Prepping for your first Google Ads campaign

Prepping for your first Google Ads campaign
Photo by Glenn Carstens-Peters on Unsplash

If you’re ready to start your first Google Ads campaign, below are some key items to have in place first. This is relevant whether you are managing your account or have an agency do it for you.

Have ownership of your accounts. Make sure that you, as the person paying for the account, have administrative access to your Google Ads and Google Analytics. I’ve had too many clients in my 10+ years of doing this who parted ways with their previous agency and no longer have access to their Google Ads account because the agency never made them an administrator. As a result, they’re starting from scratch with no historical data. If someone is not going to let you own your account, I discourage you from working with them. 

Decide on administrative access to both Google ads and Google analytics. If you don’t trust the person managing your Ads and don’t want to provide access, you may need to hire somebody else. I think it’s important to establish trust with people who work with you. But if you’re just not comfortable doing this or the higher-ups won’t let you, take time to learn how to connect these and ensure the data flow is going back and forth between the products.

Select or create a landing page. Not everyone has the time or resources to create a custom landing page, even though that’s recommended for PPC campaigns. If you’re not able to do this, at least select a page from your site that only has one message. Don’t send people to a page with multiple products and services.

Be realistic about your budget. If you are running a small campaign, don’t create campaigns for everything you offer. Pick one product or service to begin with, see how it’s doing, learn from the campaign, and then add to it if budget allows.

Set up a conversion/goal. Don’t start your campaign until you have an action step in place to measure. You can set up a Google Ads conversion or create it through Google Tag Manager. For many,the easiest method is through Google Analytics. If your goal is a form completion, a measure of success is when they get to the /thank-you.html page (or a similar page). You set that up as an event in your Google Analytics account and import that into Google Analytics. If this makes zero sense, talk to someone who knows Google Analytics or is familiar with Ads conversions.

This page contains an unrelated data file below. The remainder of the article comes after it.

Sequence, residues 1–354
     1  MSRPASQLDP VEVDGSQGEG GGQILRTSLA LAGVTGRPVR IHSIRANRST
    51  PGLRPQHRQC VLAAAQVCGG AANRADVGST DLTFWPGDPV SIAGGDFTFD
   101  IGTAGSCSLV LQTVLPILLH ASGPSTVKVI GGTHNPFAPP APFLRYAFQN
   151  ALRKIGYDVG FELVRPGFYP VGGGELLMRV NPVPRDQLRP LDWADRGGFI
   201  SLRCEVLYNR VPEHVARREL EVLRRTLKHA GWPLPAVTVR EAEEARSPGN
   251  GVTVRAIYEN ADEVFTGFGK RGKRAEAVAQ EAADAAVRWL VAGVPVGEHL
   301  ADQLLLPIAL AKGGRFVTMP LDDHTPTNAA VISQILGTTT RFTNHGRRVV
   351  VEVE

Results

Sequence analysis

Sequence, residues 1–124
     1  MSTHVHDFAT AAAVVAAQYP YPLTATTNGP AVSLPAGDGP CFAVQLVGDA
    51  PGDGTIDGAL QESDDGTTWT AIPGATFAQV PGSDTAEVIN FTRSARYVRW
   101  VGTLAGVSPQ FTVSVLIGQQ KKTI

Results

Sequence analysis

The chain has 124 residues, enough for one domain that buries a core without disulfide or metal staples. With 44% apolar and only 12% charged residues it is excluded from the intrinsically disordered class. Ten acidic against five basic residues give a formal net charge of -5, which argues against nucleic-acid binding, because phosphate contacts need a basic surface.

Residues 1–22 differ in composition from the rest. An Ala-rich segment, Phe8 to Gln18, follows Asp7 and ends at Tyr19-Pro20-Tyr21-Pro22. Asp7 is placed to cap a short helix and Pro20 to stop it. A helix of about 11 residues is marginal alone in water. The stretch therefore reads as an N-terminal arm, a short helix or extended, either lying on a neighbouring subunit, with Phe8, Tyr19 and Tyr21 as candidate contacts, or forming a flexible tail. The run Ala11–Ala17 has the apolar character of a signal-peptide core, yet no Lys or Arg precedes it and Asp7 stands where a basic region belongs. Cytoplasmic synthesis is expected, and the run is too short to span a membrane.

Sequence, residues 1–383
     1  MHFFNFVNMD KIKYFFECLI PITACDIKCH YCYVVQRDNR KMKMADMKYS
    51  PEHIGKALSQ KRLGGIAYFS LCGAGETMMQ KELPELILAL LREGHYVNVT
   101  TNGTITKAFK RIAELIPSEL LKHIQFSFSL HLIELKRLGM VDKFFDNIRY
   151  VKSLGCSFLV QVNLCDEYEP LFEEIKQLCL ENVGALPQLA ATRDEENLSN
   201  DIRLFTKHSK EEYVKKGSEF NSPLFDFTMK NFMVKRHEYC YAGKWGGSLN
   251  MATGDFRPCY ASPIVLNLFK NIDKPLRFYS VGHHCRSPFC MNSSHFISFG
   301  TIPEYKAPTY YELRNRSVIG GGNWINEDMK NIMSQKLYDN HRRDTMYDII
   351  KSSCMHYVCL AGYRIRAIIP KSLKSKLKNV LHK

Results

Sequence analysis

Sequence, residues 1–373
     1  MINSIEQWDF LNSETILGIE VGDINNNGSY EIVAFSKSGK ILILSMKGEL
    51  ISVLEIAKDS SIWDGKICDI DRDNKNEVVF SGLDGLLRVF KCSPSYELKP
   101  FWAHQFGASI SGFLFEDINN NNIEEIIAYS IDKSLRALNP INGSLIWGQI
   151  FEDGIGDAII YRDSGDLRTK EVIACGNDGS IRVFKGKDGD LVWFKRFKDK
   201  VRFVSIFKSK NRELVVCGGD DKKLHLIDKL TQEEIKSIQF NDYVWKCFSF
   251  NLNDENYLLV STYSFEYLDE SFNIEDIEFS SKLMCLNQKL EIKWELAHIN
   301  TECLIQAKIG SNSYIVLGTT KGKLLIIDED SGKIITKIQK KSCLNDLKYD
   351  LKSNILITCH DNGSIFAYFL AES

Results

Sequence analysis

Do some keyword research, but it doesn’t have to be complicated. There are paid third-party tools that are helpful, and a free Keyword Planner tool directly within Google Ads. Also, look at the content of your landing pages to get ideas for important keywords. But remember that all the keyword research in the world doesn’t guarantee results if you have a tiny budget, lots of competitors, a crummy landing page, etc.   

Consider negative keywords. I have a list of general negative keywords, but add ones that are specific to your business. If you’re a B2B business, you might exclude the terms house or home to prevent B2C clicks. Also, think about prospects you’ve heard from who aren’t clear about your offerings. Use the words from those conversions in your negative keyword list.

Let the agency write your ads. I write the ads for my direct clients. When I work through a partner agency, sometimes those ads have to go through an approval process or the client insists on writing the ads, which I don’t love. This doesn’t mean that they’re bad writers, it’s that they don’t know how to write an ad for Google. I suggest letting the agency at least do a first draft of ads, but feel comfortable asking to review them before a campaign is enabled.

Check the campaign regularly. Another thing I’ve discovered with campaigns that I took over is that they were never managed. You can look at the change history in your account and see when someone’s making changes to it. It doesn’t have to be every day or even every week, but when I see accounts that haven’t had any modifications for months, it’s clear it was not managed well.

Review Google recommendations. I don’t accept all of Google’s recommendations, and I don’t use the option to auto-apply everything. Get familiar with these so you know what makes sense for your specific campaign. Maybe someday I’ll trust everything Google recommends, but at the moment I don’t.

For some of you reading this, I know this hurts your brain. Google makes you want to cry and you have other things to do. Fortunately, you don’t have to understand every single detail, especially if you’re working with a consultant. But at least know that these are important elements to have in place to have any chance of success with Google Ads.

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